WhatsApp 98291901 to enquire further!

Sidewalk Traveller by Thomas Willemsen

Hi all,

It’s been awhile. I hope you guys are keeping safe out there!

It gives me great pleasure to share with you the new album by singer-songwriter, Thomas Willemsen.

Like on his previous studio album, Sentimental Ride, which was his debut studio effort, it was highly enjoyable from start to end working with the same band. The bass, drums, basic keyboard and acoustic guitar parts were done in a single 8 hour session for 8 of the 9 tracks that had drums on it. We convened again some two weeks later to record the last track on the album.

Shout out to Tony Go of Greenroom Suite who did a wonderful job capturing the performances with a superb microphone selection, a classic analogue mixing desk, and his deft skills with Pro Tools. He truly brought brightness and clarity to the mixes in his own unique way. I can also truly say that I did some of my best recording work up to this point at his studio.

Hope you enjoy this album! This album is for sale at Apple iTunes and all proceeds go straight to Thomas himself.

New Recordings for 2020

Hey all,

Hope you are all doing fine.

Just a quick post to share some new studio recordings I had the honour and privilege to participate in:

  1. https://imp-act-sg.bandcamp.com/track/the-island-of-alsocanla (available for paid download at SGD 2.90).

Imp Act is a newcomer to the more progressive sector of the Singapore Rock and Metal scenes. Consisting of Eugene Ng, Willie Lyou, Jayash Prakash, Benjamin Hwang, Nivian Chia, and Qush Abdul, they released their first single, Another Life, also available on their page at Bandcamp.

Round about early to mid July (or mid to late July, I forget now..) Eugene, who is also very talented recording engineer and producer, called me to consider the possibility of replacing the original drummer in Imp Act. I could not do it, but offered to session for the band till they found a suitable replacement. It didn’t take long for them to find one in Jayash Prakash, and I’m glad that things worked out for them quickly. In the interim, the band approached me to assist them with writing and performing the drum part for their latest single, Island of Alsocanla (Singaporeans and Malaysians will get the last word, lol!), and we recorded the drum track on 19th September.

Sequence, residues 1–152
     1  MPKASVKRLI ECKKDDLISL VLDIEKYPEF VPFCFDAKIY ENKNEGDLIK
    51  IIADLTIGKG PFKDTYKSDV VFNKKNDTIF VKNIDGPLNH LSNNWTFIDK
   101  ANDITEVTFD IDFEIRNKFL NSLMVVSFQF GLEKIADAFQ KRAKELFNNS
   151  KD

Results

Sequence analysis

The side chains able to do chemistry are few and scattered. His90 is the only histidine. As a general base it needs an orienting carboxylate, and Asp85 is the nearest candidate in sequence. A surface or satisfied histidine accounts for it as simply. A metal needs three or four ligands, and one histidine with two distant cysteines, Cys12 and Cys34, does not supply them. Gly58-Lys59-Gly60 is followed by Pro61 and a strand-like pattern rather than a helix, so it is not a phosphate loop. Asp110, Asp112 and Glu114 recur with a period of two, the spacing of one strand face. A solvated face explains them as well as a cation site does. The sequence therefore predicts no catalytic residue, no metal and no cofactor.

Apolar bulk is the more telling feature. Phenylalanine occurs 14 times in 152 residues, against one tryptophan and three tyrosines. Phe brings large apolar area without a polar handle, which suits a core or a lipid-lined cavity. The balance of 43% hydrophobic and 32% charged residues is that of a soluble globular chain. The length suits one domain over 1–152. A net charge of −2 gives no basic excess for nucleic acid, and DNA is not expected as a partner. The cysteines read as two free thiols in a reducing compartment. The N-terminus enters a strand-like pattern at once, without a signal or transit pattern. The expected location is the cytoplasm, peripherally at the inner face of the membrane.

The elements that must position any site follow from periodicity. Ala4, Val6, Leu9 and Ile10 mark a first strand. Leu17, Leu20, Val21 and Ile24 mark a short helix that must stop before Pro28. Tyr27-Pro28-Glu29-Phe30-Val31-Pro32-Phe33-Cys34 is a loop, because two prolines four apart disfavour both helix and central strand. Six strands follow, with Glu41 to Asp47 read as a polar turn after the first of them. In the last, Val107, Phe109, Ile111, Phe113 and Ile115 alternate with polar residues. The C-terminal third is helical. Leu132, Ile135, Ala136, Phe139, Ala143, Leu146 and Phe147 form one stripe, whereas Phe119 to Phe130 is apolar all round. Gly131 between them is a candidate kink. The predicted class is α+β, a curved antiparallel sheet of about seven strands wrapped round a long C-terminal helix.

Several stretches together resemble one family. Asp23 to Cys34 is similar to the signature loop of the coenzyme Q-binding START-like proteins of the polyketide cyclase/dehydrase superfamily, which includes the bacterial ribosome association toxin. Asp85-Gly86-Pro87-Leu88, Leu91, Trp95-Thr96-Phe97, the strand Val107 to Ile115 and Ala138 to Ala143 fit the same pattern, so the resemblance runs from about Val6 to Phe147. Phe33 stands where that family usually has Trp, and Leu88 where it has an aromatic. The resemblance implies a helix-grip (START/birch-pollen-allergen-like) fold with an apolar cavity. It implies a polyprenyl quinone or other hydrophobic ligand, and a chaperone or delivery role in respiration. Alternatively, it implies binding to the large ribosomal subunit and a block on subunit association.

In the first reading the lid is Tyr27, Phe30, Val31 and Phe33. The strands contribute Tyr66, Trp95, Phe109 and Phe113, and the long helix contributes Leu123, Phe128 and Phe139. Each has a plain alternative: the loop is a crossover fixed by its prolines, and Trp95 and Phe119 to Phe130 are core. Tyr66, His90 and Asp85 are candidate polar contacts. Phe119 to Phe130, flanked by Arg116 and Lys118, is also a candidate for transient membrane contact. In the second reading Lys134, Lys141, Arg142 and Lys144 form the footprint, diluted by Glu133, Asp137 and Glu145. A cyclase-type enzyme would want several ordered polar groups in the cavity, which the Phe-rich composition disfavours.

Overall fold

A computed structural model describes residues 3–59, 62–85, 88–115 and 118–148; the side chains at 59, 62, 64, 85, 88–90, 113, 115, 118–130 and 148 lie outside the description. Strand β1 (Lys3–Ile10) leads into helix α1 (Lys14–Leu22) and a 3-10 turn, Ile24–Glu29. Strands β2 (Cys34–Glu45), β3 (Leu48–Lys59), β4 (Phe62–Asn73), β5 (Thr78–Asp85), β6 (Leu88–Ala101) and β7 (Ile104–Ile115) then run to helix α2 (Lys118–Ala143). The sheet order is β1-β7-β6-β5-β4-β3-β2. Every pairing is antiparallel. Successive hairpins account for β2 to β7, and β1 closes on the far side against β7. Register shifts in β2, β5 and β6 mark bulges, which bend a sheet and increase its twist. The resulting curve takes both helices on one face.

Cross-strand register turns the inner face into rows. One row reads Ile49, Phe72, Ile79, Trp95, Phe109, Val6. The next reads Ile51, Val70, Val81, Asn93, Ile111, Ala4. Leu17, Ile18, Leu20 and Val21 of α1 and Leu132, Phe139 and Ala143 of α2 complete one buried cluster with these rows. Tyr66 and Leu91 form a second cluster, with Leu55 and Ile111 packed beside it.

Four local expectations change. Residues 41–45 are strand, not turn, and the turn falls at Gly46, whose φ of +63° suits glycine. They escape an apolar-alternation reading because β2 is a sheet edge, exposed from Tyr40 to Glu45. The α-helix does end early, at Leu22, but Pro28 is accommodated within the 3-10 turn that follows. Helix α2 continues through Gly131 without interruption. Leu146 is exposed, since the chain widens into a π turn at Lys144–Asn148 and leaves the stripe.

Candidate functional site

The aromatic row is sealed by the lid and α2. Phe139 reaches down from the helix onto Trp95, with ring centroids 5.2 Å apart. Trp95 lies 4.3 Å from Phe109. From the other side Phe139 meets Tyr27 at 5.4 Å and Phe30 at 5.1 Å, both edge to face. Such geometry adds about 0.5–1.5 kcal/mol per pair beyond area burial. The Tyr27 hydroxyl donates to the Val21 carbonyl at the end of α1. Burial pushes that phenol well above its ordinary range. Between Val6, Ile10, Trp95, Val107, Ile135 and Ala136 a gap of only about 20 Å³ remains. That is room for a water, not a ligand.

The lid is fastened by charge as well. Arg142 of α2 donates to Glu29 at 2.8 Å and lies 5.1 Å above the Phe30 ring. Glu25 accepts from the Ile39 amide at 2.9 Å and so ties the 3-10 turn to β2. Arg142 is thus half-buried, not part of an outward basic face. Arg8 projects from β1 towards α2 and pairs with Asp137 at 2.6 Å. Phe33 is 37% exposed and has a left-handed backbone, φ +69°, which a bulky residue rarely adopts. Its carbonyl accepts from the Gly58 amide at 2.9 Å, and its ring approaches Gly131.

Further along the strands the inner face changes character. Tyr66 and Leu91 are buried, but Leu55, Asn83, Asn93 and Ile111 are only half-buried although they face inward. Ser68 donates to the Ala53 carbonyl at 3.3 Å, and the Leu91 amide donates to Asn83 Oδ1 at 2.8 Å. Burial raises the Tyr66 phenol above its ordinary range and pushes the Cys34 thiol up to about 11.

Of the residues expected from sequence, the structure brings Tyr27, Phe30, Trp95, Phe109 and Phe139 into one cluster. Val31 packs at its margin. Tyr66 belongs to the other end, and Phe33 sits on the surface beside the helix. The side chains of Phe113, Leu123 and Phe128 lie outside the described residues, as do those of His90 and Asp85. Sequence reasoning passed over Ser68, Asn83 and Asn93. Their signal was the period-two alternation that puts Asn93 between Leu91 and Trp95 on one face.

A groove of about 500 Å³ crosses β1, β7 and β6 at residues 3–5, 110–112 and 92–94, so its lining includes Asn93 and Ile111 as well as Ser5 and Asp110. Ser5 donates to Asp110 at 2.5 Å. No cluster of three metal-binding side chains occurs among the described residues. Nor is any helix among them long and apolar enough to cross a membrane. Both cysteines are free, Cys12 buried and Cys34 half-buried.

The drums were done at Mr. Tony Goh’s excellent recording facility, Greenroom Suite, overseen by Eugene, and assisted by a capable two-man team, Mark, and Ray, who also mastered the single. It was also the first time I met the music veteran, Mr. Goh, himself. On the very kind referral from Eugene, I subsequently worked with Tony for one of his clients on an album project which I share more details of below.

Drums used on Island of Alsocanla consists of:

Ludwig Accent CS Custom kit with Ludwig Supraphonic LM400 snare.

Soultone Cymbals.

In the same drum tracking session, Eugene produced me on providing sounds from my kit for a sample pack, which is also available on their page at Bandcamp for SGD 2.90.

It was fun working with the entire band and recording team on this track, and I extend best wishes to everyone involved during the session. I’m personally happy with how the whole track came out. This is a testament to the creativity, talent, and excellent skill of the band and recording team. I hope you feel the same when you listen to it.

2. Thomas Willemsen’s Sentimental Ride

This was another fun project to work on. Thomas Willemsen is a talented songwriter who counts The Beatles, and in particular, John Lennon, as his key musical and songwriting influences. Being a Beatles fan myself, it was an easy process for me. Special thanks to Tony for trusting my ability to play this music after only seeing me on the Imp Act drum tracking session, which is whole different world stylistically. If I’m not wrong, he went on Eugene’s word, that I could play the classic 1960’s and 1970’s stuff, and I am very grateful. As with Eugene and his team, I also learnt a lot by observing as quietly as possible how he works during a session, the microphones he used, his choice of outboard signal processors, amps, and his commitment to capturing the old school “whole band in the studio playing the music together” feel.

Drumkit used on this project were a hybrid of the following:

Ludwig Accent CS Custom rack tom and floor tom

DW 18″ Bebop bass drum with the front head off

Omar Hakim Signature snare by Pearl and Ludwig Supraphonic LM400 snare

A Custom Ping Ride, A Custom 16″ Crash, and K Dark Hi-Hats by Zildjian.

We also experimented with the classic Beatles drum recording technique, famously known as the Tea-Towels-On-The-Kit (literally) technique. You can hear this type of drum sound on The Beatles’ albums from 1968 to 1970. It made sense to Tony and me to employ this type of drum sound for Thomas’ music.

I wish to thank Thomas for his very clear musical directions, which made it very easy for me to provide him what he needs from the drums on his songs, which are very personal to him.